Joshua Treem, Kenneth Ravenell – two distinguished Maryland attorneys, indicted in federal investigation

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Joshua Treem, Kenneth Ravenell - two prominent Maryland lawyers, indicted in federal investigation

“Lawyers are court officials. You are not above the law, “Maryland US attorney Robert K. Hur said in a statement after the charges were made public on Friday morning. The office will “investigate and prosecute lawyers who violate the trust placed in them by breaking the law and obstructing the judiciary.”

Treem attorney Robert P. Trout said in a statement: “We are surprised and shocked by the government’s decision to bring these charges against Joshua Treem, an attorney recognized by the Bar as being of the highest level professional Ethics. “

“We expect that the evidence in this case will show that his actions in representing his client were correct, ethical, and fully consistent with his professional obligations to his client,” said Trout.

Ravenell attorney Lucius Outlaw said in a statement that “charges contain allegations, not established facts”.

“Kenneth Ravenell looks forward to demonstrating in court that the government’s allegations against him fall far short of the truth and that he has always been and remains a respected and ethical lawyer who has spent his career fighting injustice,” it said in the statement.

The new charges are part of a longstanding investigation into a multi-stage marijuana operation. Ravenell was first indicted in September 2019 and charged with training his client, drug king Richard Byrd, and others on how to evade prosecution. Prosecutors said Ravenell used the law firm’s bank accounts to collect and hide hundreds of thousands of dollars in drug proceeds and to make payments to attorneys that were retained by other members of the conspiracy.

He pleaded not guilty and is waiting for the trial.

A third person, Sean Francis Gordon, a private investigator who worked for both lawyers, was also charged on Thursday.

Ravenell, 61, and Treem, 73, are seasoned defense lawyers. Ravenell filed a federal lawsuit on Thursday on behalf of the family of Anton Black, a young black man who died in an encounter with police on the east coast. Treem was a federal prosecutor in Baltimore from an early age. In his private practice, he has defended Lee Boyd Malvo in the Washington area sniper shootings and a former Maryland senator on federal corruption charges.

Ravenell and Treem served as lawyers for the same law firm in the 1990s and early 2000s. In 2016, Treem began representing Ravenell in connection with a federal grand jury investigation into Ravenell’s work.

As part of the investigation, federal agents raided the law firms of Ravenell and Treem’s Brown, Goldstein & Levy law firm. The Baltimore law firm went to court to challenge the search. Thousands of electronic files unrelated to the investigation were confiscated.

The U.S. 4th Circuit Court of Appeals agreed that the government’s review of the seized material was invalid and put in place a system for third parties to review the material and determine which documents should be turned over to the government.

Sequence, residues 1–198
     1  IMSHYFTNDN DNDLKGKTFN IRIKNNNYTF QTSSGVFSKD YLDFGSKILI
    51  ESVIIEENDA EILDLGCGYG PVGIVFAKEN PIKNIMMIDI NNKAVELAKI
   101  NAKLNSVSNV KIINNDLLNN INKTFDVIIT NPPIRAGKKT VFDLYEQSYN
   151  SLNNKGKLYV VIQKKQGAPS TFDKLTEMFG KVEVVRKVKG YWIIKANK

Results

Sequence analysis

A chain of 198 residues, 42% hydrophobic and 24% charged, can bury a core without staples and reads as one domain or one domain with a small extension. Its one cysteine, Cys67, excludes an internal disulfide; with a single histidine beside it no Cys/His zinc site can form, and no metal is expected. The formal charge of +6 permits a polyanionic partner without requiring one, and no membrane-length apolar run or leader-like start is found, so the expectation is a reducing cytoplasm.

Brown, Goldstein & Levy released a statement on Treem Friday saying it was “a valued and trusted partner”.

“We have worked closely with Josh Treem for many years and know that he is both an exceptional attorney and a man of the highest integrity, honesty and professionalism,” the statement said.

In the 50-page indictment returned Thursday, prosecutors said the three men had worked together to obstruct the grand jury’s investigation of Ravenell and one of his clients through 2018.

The indictment accuses Ravenell of attempting to influence testimony with the help of private investigators who interviewed inmates and others in 2013 and 2014. In one case, according to Treem and Gordon, prosecutors met with a former Ravenell client who was a potential witness against Ravenell.

The file describes a 2017 meeting in an Arizona prison where Treem and Gordon presented the man with a document prepared by Ravenell that contained false statements that Ravenell could find helpful. At the Phoenix prison briefing, Treem and Gordon asked the inmate to sign the document.

“Treem had a document in front of him that contained 53 statements that were practically false rejections about Ravenell’s involvement in criminal behavior,” says the indictment, which is quoted in detail from the conversation.

Prosecutors say the three then prepared documents, including an affidavit from Gordon referring to the inmate’s false statements and a letter Treem wrote to a federal judge in February 2018 relating to the inmate.

The documents “were all fraudulently prepared to be used for undermining and prosecution [the inmate’s] Credibility, if in an official trial he should be asked to testify against Ravenell and if any of them were to be asked to testify in an official trial, and if either of them were to be asked to testify in any formal trial, and provide false evidence of prior consistent testimony by Gordon and Treem. “The prosecution says.

Because the two attorneys are so well known in Maryland law circles, the case is being handled by Virginia District Judge Liam O’Grady.

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